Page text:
Some organizations have received more support from foundations. Shirley McGreal, chairwoman of the International Primate Protection League in Summerville, South Carolina, reports, "More foundations are moving into the animal welfare/animal rights area. We recently received a challenge grant from the Arcus Foundation for construction of an animal care center for our sanctuary gibbons. This is a real incentive to all of us to meet the match and donors feel they are getting double the value of their donations." Bequests have become another source of funding for the sanctuary, which is now 27 years old.

The Worst of Times

The funding picture is not completely rosy, however. Even organizations whose support has increased face financial challenges. Carole Sanders notes that the influx of donations precipitated by the news article on Animal Angels has now "dropped off with the exception of our regular [faithful] few."

Shirley McGreal believes that the International Primate Protection League's location makes fundraising harder. South Carolina, she observes, "is not a wealthy state." Additionally, "there are a lot of foundations in North Carolina, but a real dearth in South Carolina. Most of the foundations that do exist have very restricted missions." She also finds that "the direct mail market for animal protection is saturated and there are some very poor quality lists so fundraising through the mail is an increasingly tough challenge."

Nonprofits concerned with certain kinds of animals encounter additional challenges. Marjorie Bender, program coordinator for the American Livestock Breeds Conservancy of Pittsboro, North Carolina, explains, "Rare livestock breeds don't carry the glamour and exotic lure of the conservation of rare wildlife." Janelle Gourley, vice president of the Rebel Oaks Exotic Animal Sanctuary, Inc. in Noble, Oklahoma, agrees: "It is very hard to find grants or funding foundations for exotic animals." She continues, "There are many services [available] to domestic dogs and cats but few to cougars and bears."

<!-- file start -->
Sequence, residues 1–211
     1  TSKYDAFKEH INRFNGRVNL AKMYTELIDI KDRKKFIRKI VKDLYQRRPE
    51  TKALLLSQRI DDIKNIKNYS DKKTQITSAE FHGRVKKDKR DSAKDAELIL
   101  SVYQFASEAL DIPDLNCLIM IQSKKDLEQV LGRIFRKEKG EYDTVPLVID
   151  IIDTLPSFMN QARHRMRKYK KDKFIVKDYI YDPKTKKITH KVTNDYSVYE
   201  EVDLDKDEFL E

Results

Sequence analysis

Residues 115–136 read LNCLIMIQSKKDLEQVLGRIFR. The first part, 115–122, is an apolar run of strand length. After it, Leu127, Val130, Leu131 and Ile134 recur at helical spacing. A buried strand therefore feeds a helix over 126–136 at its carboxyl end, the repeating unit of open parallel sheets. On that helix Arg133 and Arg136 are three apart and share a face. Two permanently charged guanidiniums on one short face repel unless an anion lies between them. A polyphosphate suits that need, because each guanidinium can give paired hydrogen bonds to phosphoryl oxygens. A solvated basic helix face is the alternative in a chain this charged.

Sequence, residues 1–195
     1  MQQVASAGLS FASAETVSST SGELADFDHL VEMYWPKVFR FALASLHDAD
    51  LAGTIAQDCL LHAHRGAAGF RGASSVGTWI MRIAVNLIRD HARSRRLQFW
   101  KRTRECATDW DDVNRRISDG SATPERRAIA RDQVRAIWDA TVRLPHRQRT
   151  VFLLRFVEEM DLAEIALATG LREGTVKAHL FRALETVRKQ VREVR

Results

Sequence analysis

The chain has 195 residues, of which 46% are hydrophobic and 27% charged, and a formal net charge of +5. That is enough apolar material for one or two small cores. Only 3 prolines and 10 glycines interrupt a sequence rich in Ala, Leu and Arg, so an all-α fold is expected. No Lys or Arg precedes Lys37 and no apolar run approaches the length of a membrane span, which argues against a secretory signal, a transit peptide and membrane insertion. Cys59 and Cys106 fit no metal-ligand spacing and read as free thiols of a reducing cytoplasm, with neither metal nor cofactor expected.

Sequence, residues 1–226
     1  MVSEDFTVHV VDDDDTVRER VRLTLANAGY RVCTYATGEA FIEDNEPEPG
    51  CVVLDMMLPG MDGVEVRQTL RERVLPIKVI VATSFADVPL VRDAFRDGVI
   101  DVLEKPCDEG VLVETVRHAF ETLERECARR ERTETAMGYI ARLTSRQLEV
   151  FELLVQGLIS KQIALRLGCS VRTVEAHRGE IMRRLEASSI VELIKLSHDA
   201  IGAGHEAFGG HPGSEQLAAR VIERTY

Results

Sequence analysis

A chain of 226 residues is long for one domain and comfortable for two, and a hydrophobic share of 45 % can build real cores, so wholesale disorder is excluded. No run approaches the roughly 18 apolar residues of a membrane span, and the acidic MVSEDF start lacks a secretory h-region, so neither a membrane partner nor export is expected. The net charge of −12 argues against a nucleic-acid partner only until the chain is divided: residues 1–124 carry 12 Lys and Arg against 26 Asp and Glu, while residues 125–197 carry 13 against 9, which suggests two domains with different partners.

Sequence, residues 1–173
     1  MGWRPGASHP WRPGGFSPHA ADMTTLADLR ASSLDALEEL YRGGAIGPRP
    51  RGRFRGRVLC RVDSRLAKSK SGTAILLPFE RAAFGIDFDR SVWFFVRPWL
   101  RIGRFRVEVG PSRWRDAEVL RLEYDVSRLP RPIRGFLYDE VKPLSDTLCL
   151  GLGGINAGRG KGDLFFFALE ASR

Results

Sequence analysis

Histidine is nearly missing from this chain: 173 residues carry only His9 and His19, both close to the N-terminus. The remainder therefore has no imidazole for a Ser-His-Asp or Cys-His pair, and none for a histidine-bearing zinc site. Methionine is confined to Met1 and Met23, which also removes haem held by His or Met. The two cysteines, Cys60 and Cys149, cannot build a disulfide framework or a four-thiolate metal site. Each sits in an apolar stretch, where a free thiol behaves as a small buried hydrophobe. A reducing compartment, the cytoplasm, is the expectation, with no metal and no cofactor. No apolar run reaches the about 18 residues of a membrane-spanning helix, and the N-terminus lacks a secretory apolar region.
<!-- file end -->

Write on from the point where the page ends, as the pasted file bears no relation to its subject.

Richard and Laura Hoyle face similar financial hurdles for Mini-Pigs, Inc., their Culpeper, Virginia, sanctuary for miniature pigs. Richard Hoyle reports, "What minimal support our sanctuary receives comes primarily from pet pig owners and pig lovers from around the country. Although a number of famous celebrities own potbellied pigs ... we have had no luck in being able to plead the pigs' case to any of them."

Hoyle notes that people's perceptions of the animals exacerbate the problem: "Pigs … suffer from a serious PR problem anyway. … The misguided and incorrect image of pigs as filthy, slovenly animals is a serious impediment to raising funds for their rescue." Further, "companion animal rescue organizations often refuse to assist with funding of pig sanctuaries since the animals are legally classified as livestock. Farm animal rescue groups refuse to support their rescue since they are obviously not farm animals."

Publicity—A Double-Edged Sword

Animal-welfare organizations also find that publicity can have a negative side. Although it can stimulate contributions, it frequently increases demands on the nonprofit as well. Jo Anne Normile is president of the Communication Alliance to Network Thoroughbred Ex-Racehorses (CANTER), a Plymouth, Michigan, organization that finds homes for retired racehorses that otherwise would be slaughtered. She describes the situation CANTER is facing:

This year numerous national magazines have written articles on this unique Michigan based program and CANTER is proud to announce the addition of new programs operating in other racing states. Within the last three months we have added a CANTER in Illinois, a CANTER of West Virginia, a CANTER in Minnesota and in the starting gate is a CANTER in Ohio. Inquiries from other racing states are received on nearly a daily basis.

That's the good news for our nation's racehorses but unfortunately the sudden interest in the program means three times as many horses being processed through the program yet we are operating on a 1999 budget. Fundraising at this critical time of explosive expansion is our deepest concern.

Other nonprofits report the same problem. Nicholas Carter of Border Collie Rescue notes, "Though the demand for adopting a dog has increased, so have the requests to relinquish dogs to our care." According to Ann Seidner, Cats Exclusive is "receiving many phone calls from people who want to surrender cats. We have a waiting list and try to coax the people into keeping the cat until we have room." Richard Hoyle says that Mini-Pigs "has been featured in newspapers, magazines and on the local television stations out of Washington, DC. The result has been an increase in the number of calls we get to rescue or take in pet pigs, but virtually no offers of support."